At the East Bay French-American School in Berkeley, California, the students and teachers grow a garden of delicious herbs and vegetables. Their curriculum includes tasting, cooking, and eating the harvest to establish a connection between the earth and daily life. This well-put-together book teaches even gardening novices how to do it, too. The book features colorful line drawings, photographs of the kids in action, delicious recipes that even five-year-olds can help prepare, and great little sidebars on subjects as diverse as "Composting," "How Flowers Drink," and how to hold a "First Sprout Party."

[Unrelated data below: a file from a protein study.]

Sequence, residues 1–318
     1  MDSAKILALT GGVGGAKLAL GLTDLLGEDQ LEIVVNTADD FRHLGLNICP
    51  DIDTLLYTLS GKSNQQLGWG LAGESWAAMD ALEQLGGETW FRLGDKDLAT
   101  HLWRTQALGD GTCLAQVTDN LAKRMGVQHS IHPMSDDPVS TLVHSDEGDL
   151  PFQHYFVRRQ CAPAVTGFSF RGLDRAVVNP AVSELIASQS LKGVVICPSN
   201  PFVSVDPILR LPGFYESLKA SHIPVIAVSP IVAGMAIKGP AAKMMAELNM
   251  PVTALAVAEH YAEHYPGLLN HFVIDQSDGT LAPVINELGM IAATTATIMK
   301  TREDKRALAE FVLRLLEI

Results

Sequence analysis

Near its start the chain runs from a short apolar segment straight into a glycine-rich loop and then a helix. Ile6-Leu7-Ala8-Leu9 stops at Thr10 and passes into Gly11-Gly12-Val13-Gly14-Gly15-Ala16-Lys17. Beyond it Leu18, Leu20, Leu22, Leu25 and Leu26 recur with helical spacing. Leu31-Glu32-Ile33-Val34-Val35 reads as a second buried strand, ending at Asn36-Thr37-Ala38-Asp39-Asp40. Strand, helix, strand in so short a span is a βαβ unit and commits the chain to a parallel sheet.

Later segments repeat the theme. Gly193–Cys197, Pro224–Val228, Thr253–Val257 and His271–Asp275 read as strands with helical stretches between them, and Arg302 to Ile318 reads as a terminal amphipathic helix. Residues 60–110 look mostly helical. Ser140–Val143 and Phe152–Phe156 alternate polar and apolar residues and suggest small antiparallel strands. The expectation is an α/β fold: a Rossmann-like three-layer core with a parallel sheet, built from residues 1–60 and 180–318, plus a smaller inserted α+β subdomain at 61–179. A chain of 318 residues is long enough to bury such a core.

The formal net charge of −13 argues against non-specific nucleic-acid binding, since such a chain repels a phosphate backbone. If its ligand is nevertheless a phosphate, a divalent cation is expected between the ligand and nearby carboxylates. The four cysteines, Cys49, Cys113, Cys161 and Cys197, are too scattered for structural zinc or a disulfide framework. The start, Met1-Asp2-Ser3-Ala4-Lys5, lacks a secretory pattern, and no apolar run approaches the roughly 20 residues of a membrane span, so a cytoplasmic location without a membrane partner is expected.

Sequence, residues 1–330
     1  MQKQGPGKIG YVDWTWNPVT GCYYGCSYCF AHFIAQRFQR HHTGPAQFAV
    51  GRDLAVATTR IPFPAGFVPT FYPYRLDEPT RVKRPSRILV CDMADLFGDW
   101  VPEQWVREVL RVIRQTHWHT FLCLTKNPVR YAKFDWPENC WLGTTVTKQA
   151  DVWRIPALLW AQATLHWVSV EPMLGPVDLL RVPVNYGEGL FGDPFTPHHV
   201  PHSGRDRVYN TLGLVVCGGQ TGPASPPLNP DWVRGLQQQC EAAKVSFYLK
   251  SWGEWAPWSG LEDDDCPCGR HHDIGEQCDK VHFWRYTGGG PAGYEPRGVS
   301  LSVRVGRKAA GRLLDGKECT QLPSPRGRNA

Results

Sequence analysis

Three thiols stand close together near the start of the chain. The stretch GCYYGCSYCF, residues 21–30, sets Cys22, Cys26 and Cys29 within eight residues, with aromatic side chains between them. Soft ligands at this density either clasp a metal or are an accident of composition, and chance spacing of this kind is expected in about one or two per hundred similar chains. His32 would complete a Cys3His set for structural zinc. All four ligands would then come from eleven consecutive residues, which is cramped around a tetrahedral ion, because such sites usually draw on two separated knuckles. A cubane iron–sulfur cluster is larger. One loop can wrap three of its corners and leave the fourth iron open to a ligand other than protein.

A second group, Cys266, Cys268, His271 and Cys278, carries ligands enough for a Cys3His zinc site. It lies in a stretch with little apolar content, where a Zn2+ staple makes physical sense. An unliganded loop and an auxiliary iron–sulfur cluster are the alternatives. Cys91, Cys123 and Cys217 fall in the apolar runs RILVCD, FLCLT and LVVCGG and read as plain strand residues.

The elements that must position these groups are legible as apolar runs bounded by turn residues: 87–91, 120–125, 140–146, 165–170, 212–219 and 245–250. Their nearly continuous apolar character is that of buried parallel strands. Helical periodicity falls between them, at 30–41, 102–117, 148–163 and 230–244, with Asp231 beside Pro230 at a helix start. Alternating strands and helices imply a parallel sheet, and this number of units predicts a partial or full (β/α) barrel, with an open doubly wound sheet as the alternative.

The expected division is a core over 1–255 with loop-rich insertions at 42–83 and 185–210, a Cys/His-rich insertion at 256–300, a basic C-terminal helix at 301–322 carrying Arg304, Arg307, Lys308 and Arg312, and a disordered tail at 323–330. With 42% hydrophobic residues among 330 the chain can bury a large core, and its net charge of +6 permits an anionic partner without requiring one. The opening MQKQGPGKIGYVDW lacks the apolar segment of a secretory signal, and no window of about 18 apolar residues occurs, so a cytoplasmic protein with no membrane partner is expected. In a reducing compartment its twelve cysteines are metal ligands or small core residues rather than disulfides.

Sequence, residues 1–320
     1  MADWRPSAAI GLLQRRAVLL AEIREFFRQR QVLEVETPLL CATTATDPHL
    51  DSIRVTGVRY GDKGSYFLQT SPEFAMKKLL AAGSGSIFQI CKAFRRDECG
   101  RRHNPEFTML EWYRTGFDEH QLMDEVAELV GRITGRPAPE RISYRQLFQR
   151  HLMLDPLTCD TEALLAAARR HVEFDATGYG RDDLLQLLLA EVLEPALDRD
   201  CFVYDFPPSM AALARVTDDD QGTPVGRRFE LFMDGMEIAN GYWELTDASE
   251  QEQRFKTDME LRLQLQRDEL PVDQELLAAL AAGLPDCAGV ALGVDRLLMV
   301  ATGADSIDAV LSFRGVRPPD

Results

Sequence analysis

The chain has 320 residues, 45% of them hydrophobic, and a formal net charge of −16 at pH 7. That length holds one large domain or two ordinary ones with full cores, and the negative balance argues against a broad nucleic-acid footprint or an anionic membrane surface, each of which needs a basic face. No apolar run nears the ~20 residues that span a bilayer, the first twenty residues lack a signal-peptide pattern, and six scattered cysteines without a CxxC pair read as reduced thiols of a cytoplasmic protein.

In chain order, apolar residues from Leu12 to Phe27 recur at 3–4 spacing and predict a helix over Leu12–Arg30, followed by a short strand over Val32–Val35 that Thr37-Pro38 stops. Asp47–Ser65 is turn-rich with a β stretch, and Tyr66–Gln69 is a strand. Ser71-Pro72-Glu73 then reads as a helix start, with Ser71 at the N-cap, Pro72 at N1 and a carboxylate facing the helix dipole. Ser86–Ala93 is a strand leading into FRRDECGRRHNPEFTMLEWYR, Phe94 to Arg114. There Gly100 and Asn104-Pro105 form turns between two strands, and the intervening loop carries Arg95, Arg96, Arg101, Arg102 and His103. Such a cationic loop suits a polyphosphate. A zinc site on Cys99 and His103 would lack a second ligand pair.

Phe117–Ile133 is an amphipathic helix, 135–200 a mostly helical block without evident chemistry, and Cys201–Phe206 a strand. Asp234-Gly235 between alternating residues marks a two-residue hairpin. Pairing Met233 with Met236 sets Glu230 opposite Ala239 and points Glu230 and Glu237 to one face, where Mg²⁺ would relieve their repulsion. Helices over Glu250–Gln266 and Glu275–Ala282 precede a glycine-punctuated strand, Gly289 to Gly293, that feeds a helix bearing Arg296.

The difficulty of getting children raised in an urban environment to understand and appreciate where their food comes from presents a real challenge to teachers. The East Bay French-American School in Berkeley, California, has instituted a project to combine gardening and cooking into a learning experience for children ages 5 to 12. Students participate in planting, cultivating, harvesting, and cooking the produce of their school plots. Children are less likely to respond "Yuck!" when confronted with vegetables they have raised from seed themselves. The Brennans recount the school's success with this gardening program and catalog the most suitable plants for a children's school garden plot. A few simple recipes offer encouragement to parents with children who want to help out in the kitchen. The Brennans' work provides a useful resource for many sorts of school and library nature programs. Mark Knoblauch